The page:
A federal judge has ordered all federal prosecutors in the Southern District of New York to read a ruling she issued Wednesday that blasts prosecutors for their handling of evidence in a criminal case involving alleged violations of sanctions against Iran.
U.S. District Court Judge Allison Nathan also said she was unsatisfied with the completeness of the government’s account of why prosecutors failed to turn over one key piece of evidence to the defense until the middle of trial, with one government attorney discussing with colleagues a plan to “ bury” the previously undisclosed letter among other documents being emailed to defense lawyers.
“No responsible Government lawyer should strategize how to ‘bury’ a document that was not, but should have been, previously disclosed to the defense. A responsible Government lawyer should—at a minimum—forthrightly and truthfully reveal late disclosures to the defense,” Nathan wrote, emphatically disagreeing with the conclusion from U.S. Attorney’s Office leaders that there was nothing to “condemn” in the prosecutors’ actions.
“This Court disagrees and hereby strongly condemns this conduct,” Nathan wrote in her 34-page opinion.
Nathan called some of the omissions by prosecutors “shocking.” And she expressed the greatest concern over the explanation prosecutors gave her after the defense for Iranian banker Ali Sadr questioned the late disclosure of the letter prosecutors discussed burying.
“The Court finds that the Government’s representation was misleading, as it implied that it had explicitly informed the defense that [the exhibit] was being disclosed for the first time. Indeed, the Court was misled,” the judge wrote.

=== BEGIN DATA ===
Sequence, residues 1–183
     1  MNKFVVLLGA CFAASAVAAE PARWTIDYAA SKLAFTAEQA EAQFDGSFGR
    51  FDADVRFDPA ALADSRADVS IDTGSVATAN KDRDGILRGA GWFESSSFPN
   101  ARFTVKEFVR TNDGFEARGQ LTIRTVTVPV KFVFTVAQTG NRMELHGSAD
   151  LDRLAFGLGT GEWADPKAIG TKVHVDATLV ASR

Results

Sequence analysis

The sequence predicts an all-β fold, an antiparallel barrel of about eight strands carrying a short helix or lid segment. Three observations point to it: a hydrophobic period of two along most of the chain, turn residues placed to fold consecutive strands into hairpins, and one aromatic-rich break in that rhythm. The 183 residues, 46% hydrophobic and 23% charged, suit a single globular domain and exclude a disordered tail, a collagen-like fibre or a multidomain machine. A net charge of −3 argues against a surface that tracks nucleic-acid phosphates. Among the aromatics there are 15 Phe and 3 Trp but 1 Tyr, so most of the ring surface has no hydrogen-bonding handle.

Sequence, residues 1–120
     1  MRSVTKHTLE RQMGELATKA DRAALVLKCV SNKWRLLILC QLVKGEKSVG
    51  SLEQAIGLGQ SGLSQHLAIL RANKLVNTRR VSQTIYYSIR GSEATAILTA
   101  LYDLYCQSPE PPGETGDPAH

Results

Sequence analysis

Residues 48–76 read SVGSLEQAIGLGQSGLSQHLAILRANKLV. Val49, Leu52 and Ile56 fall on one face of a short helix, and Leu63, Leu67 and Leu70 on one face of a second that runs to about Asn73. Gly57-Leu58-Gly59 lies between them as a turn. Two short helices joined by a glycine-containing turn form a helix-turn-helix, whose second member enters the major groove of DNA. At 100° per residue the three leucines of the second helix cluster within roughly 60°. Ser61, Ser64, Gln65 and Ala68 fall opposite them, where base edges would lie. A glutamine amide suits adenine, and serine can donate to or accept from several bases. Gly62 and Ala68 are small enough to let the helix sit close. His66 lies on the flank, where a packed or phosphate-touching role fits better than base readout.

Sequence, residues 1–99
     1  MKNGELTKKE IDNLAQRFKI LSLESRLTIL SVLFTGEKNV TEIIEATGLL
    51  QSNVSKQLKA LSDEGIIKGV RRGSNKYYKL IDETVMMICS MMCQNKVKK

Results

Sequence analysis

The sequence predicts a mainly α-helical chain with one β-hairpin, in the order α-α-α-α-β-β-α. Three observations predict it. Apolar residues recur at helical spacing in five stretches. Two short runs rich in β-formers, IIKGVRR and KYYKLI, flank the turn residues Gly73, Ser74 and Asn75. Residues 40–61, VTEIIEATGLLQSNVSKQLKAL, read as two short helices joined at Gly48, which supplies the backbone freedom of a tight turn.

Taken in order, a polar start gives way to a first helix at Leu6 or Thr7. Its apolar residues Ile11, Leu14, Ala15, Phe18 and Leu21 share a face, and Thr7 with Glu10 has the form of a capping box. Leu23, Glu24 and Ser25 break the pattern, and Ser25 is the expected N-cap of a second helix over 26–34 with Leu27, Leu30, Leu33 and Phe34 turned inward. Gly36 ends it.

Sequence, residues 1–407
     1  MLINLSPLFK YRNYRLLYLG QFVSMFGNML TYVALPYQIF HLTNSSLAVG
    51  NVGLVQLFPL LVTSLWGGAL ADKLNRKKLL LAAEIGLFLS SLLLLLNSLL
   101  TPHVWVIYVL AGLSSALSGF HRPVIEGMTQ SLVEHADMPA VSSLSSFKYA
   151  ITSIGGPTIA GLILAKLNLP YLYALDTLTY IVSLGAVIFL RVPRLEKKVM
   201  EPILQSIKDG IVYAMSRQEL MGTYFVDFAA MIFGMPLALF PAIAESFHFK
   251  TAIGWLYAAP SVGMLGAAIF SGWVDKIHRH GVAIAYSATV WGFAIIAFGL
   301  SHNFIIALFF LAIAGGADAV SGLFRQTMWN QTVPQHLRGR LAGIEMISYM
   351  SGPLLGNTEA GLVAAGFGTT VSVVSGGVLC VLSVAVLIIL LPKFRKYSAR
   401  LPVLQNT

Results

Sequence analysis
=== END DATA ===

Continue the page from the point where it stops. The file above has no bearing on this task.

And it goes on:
A jury convicted Sadr in March of five felony counts related to the alleged sanctions violations. However, in June, prosecutors abruptly sought to abandon the case due to the evidence issues that emerged.
The U.S. Attorney’s Office has now acknowledged that a draft of a letter sent to the judge indicated the document was not turned over to Sadr’s defense until the middle of the trial, but the letter from prosecutors was later revised to use more opaque language.
“It is the fervent hope of the Court that no sanctions are necessary. But it is the firm view of the Court that if Government lawyers acted in bad faith by knowingly withholding exculpatory material from the defense or intentionally made a misleading statement to the Court, then some sanction or referral to the Grievance Committee of the Southern District of New York would be appropriate,” the judge added.
In an unusual step, Nathan ordered the prosecutors involved to submit sworn declarations by Oct. 16 answering various questions about their handling of the disputed exhibit, its belated disclosure and the court’s subsequent inquiry.
“The Court cannot yet firmly conclude based on the existing factual record whether any of the Government lawyers deliberately withheld exculpatory information,” wrote Nathan, an appointee of President Barack Obama.
A spokesman for the U.S. Attorney’s Office in Manhattan declined to comment on the order.
The problems related to the Sadr case took place while the office was under the direction of U.S. Attorney Geoffrey Berman. He left his post in June after a bizarre episode in which Attorney General William Barr announced that Berman was stepping down, only to have Berman announce that he was not resigning.
Democrats and former prosecutors said Barr’s move appeared to be intended to give President Donald Trump and his allies more control over politically sensitive investigations in the lead-up to the November election.
Barr had planned to move Securities and Exchange Commission chief Jay Clayton into the job, but after the reshuffle drew fire, the attorney general agreed to leave Berman’s deputy, Audrey Strauss, in the U.S. Attorney role in an acting capacity.